These structures may be obtained from the compound described previously by the conventional techniques of press moulding, injection moulding, tubular (bubble) extrusion-blow moulding, extrusion-lamination, extrusion-coating, extrusion-casting (also called film casting) or else sheet extrusion-calendering, all these structures possibly being optionally thermoformed afterwards. It would not be outside the scope of the invention if the structure or the film according to the invention were obtained directly without passing through the compound step.
Generally, to form a solar module, placed successively on a backsheet are a first lower layer of encapsulant, a photovoltaic cell, a second upper layer of encapsulant then an upper protective layer. Additional layers, in particular tie or adhesive layers, may moreover be found. These various layers are assembled to form the module. It is specified that the photovoltaic modules according to the invention may be formed from any photovoltaic structure comprising a layer of the composition according to the invention and are obviously not limited to those presented in this description.
Thus, the composition according to the invention may be used as a tie to these various supports or as an encapsulant to form solar modules. In one very advantageous version, the layers of encapsulant (and in particular the upper encapsulant layer) are transparent in accordance with the parameters given in the present description. One way of obtaining this transparency is to use a composition for which the polyamide grafts and the polyolefin are nanostructured.
In order to form the photovoltaic cell, it is possible to use any type of photovoltaic sensors including sensors known as “conventional sensors” based on monocrystalline or polycrystalline doped silicon; thin-film sensors formed, for example, from amorphous silicon, cadmium telluride, copper indium diselenide or organic materials may also be used.
As examples of a backsheet that can be used in the solar modules, mention may be made, non-exhaustively, of monolayer or multilayer films based on polyester, on a fluoropolymer (PVF or PVDF).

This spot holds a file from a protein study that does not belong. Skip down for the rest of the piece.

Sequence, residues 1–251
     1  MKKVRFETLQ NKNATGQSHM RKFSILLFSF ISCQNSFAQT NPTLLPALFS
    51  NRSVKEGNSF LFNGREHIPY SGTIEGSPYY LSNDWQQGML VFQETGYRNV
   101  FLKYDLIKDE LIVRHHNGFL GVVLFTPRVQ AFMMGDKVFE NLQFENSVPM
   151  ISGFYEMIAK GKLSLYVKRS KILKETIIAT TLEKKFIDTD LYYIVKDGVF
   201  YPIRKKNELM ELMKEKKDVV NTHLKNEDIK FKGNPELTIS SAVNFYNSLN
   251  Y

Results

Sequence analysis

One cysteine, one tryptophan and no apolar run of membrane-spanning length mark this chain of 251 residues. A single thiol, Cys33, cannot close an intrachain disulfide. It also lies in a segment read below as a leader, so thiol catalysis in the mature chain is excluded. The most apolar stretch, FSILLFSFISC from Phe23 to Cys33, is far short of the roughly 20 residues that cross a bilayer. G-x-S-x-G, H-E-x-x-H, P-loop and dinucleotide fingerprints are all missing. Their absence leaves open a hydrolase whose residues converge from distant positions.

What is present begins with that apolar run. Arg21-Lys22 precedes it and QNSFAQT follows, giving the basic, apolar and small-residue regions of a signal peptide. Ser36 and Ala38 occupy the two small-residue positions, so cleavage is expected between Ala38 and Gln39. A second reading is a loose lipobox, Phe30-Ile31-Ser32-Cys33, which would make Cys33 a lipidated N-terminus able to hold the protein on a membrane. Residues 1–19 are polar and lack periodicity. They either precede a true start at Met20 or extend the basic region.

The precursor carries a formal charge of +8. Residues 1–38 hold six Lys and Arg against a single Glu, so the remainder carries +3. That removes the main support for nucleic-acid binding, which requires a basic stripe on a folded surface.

One can cite also as backsheet, films comprising polyolefins such as polyethylene or polypropylene, these polyolefins being or not modified. For examples of modified polyolefins, one can cite copolymers comprising ethylene with at least one functional monomer such as the unsaturated (meth)acrylic esters, the unsaturated carboxylic acids or the anhydride carboxylic acids such as maleic anhydride. These modified polyolefins can also be a blend of polyolefin with another polymer such as polyamide polyamide.
As a particular structure of a backsheet, one can cite for example multilayer fluoropolymer/polyethylene terephthalate/fluoropolymer or else fluoropolymer/poly-ethylene terephthalate/EVA films.
The backsheet layer can also be associated to the encapsulant layer through classical manufacture process of multilayer film. One can cite for example coextrusion of film through extrusion-blowing of a sheath, through extrusion-lamination, through extrusion-coating, through extrusion cast or also through calendering. The coextrusion of a layer of the composition according to the invention as encapsulant with a layer of polyolefin as backsheet.
The protective sheet has abrasion and impact resistance properties, is transparent and protects the photovoltaic sensors from external moisture. In order to form this layer, mention may be made of glass, PMMA or any other polymer composition that brings together these characteristics.
In order to assemble the various layers of the photovoltaic module, it is possible to use any type of press-moulding techniques such as, for example, hot pressing, vacuum pressing or lamination, in particular thermal lamination. The manufacturing conditions will be easily determined by a person skilled in the art by adjusting the temperature and the pressure to the flow temperature of the composition.